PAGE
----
1264 It should be noted with respect to the first that when correcting the Jews our Lord often spoke harshly to them: "Woe to you, Scribes and Pharisees" (Mt 23:14), and many other instances are recorded in Matthew. But there is no record that our Lord spoke harsh or injurious words in answer to their harsh words or deeds against himself. Rather, as Gregory said, God accepted their insults, and did not answer with insulting words, but simply said, I have not a demon. And what does this suggests to us if not that when we are falsely attacked by our neighbor with railing words, we should keep silence, even about his abusive words, so as not to pervert our ministry of correcting in a just manner into a weapon of our anger. However, while we should not value our own goods, we should vindicate the things that are of God. As Origen says, Christ alone is capable of claiming, I have not a demon, for he has nothing, either slight or serious, of the devil in him; thus he says: "The ruler of this world is coming. He has no power over me" (14:30). "What accord has Christ with Belial?" (2 Cor 6:15).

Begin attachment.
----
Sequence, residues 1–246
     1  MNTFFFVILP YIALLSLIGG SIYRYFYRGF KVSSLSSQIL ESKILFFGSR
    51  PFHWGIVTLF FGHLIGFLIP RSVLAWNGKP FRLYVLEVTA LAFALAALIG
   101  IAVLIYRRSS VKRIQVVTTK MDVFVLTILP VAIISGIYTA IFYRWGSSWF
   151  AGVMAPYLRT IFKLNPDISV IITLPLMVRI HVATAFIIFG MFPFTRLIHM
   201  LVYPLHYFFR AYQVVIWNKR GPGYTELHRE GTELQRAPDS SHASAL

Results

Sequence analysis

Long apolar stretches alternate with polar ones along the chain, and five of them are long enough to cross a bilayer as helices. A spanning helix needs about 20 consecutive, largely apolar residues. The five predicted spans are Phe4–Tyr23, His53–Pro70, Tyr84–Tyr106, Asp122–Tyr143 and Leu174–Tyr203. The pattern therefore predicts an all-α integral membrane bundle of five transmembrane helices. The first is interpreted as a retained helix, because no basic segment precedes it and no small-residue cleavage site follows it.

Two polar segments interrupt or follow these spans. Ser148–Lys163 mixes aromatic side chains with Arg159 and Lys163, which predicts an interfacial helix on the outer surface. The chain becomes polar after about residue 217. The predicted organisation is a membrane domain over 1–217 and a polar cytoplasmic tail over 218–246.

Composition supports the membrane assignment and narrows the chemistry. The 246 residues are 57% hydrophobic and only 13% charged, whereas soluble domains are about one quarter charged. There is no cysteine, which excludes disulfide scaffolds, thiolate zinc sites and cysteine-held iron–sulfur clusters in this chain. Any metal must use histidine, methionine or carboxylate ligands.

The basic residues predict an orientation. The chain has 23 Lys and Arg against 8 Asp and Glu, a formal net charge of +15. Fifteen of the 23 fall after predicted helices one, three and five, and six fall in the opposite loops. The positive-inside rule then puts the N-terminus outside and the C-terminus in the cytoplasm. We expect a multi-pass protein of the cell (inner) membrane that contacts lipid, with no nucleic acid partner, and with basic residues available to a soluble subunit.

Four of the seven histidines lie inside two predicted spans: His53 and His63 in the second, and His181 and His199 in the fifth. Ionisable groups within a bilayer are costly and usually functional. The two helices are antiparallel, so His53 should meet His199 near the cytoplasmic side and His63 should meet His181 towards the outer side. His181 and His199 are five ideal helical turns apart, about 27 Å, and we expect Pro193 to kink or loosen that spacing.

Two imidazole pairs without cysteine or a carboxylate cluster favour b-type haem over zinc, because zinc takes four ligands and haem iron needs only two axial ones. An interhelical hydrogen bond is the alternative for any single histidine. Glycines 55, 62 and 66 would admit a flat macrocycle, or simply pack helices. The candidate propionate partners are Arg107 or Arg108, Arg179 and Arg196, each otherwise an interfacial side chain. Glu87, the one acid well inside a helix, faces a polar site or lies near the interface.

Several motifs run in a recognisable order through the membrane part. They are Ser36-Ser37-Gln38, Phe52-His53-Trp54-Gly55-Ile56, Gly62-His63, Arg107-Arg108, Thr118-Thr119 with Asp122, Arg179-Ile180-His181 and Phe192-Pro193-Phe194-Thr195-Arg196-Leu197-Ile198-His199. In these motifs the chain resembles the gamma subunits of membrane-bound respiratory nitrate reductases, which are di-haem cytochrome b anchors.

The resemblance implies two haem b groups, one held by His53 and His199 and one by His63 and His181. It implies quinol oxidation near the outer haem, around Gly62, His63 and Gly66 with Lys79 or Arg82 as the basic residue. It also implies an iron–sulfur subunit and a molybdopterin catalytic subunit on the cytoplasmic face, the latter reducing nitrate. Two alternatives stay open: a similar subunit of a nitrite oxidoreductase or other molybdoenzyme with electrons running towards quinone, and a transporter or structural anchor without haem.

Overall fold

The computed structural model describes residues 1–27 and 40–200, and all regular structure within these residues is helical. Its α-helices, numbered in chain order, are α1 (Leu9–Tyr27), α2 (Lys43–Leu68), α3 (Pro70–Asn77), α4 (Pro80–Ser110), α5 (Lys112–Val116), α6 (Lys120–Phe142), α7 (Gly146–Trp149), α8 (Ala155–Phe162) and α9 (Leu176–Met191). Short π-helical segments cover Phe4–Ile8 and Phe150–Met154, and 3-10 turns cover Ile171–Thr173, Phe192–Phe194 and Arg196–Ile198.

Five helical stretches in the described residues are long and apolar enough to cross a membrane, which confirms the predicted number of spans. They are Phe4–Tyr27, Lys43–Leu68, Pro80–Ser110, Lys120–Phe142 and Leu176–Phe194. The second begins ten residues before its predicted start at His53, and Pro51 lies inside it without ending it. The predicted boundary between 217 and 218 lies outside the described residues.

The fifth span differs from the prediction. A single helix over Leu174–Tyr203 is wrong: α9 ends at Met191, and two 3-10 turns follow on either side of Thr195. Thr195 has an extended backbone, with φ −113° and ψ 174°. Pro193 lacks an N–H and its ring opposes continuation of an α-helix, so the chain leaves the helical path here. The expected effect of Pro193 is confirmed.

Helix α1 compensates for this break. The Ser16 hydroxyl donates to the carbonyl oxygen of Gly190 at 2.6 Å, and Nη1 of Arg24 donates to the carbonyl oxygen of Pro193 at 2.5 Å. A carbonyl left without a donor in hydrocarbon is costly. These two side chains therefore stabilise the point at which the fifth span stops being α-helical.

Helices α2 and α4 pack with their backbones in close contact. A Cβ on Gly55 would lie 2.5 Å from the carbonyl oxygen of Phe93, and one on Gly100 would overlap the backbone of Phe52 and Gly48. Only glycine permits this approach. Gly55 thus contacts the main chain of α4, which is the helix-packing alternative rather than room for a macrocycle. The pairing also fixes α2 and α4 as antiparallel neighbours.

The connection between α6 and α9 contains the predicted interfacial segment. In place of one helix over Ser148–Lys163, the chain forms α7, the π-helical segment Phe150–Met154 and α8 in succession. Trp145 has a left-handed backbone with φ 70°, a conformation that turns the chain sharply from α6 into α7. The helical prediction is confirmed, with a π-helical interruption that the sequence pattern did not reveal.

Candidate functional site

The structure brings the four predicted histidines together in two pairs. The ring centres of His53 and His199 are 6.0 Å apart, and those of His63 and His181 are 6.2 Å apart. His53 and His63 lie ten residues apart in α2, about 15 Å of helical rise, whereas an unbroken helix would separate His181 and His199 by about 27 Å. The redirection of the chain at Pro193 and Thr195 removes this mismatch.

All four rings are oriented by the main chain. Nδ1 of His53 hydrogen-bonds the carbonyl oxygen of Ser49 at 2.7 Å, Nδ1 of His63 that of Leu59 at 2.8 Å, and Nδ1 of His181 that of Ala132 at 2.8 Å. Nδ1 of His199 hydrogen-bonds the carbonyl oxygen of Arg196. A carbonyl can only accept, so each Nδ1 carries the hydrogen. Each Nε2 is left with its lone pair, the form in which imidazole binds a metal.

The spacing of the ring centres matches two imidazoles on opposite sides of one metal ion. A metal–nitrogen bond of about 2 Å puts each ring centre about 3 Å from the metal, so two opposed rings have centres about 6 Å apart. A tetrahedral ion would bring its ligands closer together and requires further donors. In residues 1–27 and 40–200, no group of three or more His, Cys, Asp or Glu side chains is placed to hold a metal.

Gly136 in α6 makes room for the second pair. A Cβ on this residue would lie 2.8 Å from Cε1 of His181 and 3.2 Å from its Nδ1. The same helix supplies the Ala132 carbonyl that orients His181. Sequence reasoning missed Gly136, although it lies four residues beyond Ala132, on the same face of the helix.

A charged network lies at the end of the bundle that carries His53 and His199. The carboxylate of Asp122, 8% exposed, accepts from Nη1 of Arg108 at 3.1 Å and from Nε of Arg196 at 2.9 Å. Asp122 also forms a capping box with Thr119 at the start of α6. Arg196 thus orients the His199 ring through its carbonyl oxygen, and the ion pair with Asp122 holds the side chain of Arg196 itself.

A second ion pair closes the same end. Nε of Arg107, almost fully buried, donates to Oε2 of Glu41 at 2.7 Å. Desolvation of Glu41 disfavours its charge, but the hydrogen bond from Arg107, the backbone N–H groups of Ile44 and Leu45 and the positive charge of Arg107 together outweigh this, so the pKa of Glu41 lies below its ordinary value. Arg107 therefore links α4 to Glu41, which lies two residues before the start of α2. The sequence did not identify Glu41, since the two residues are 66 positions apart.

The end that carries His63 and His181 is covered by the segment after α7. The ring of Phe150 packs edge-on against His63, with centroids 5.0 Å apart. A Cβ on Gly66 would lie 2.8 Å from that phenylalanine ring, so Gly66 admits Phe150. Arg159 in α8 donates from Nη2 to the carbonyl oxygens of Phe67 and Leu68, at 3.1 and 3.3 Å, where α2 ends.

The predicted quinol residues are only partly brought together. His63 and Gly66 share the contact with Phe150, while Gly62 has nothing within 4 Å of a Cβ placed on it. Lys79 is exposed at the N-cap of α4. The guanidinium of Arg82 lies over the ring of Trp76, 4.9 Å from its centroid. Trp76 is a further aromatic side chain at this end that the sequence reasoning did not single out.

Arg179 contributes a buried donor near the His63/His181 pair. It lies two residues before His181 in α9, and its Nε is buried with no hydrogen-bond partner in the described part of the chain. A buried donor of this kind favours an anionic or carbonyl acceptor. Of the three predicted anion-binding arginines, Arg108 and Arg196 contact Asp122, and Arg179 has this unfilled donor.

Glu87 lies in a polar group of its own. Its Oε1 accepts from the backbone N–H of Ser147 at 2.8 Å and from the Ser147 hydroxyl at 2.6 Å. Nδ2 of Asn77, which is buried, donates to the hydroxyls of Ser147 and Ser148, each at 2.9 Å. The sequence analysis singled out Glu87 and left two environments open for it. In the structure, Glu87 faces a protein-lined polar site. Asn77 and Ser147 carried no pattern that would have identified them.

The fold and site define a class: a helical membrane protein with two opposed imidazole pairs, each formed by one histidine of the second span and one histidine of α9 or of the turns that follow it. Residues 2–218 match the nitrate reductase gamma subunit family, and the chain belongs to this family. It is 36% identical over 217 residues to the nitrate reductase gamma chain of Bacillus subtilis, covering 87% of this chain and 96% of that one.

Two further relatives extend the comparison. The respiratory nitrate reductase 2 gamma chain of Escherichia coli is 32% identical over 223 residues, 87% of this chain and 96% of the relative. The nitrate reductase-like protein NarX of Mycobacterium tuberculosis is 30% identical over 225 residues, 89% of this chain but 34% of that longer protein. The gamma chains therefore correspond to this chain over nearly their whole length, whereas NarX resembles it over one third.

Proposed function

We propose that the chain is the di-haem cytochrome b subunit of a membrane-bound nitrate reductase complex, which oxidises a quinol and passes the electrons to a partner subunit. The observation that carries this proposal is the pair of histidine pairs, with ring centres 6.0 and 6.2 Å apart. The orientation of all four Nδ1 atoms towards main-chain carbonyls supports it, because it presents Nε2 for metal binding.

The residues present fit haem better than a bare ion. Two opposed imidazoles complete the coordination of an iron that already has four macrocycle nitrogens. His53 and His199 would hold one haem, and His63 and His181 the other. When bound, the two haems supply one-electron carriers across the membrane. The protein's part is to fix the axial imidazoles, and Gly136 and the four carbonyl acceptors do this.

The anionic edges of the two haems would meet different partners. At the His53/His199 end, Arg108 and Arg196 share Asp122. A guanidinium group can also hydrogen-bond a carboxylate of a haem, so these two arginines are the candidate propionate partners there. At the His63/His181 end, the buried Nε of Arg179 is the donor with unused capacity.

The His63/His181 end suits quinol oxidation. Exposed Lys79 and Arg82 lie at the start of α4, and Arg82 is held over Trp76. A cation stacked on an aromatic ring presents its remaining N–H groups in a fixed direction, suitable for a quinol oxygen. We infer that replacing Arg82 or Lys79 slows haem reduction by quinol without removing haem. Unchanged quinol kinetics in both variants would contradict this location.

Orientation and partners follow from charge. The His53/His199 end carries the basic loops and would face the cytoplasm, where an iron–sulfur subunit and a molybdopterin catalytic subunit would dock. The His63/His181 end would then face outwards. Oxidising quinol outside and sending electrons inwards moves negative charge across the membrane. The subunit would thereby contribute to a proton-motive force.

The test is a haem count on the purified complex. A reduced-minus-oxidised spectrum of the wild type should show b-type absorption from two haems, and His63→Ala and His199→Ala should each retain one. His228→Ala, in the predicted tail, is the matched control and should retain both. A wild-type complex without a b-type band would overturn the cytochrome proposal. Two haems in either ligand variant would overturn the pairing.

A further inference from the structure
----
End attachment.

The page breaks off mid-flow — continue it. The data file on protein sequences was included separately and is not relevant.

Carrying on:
1265 He supports his stand by saying the opposite: but I honor my Father. Now the devil hinders honor being given to God; therefore, any person who seeks God's honor is a stranger to the devil. Thus, Christ, who honors his Father, that is, God, has not a demon. Furthermore, it is a proper and singular mark of Christ that he honor his Father, as we read: "A son honors his father" (Mal 1:6). And Christ is most singularly the Son of God.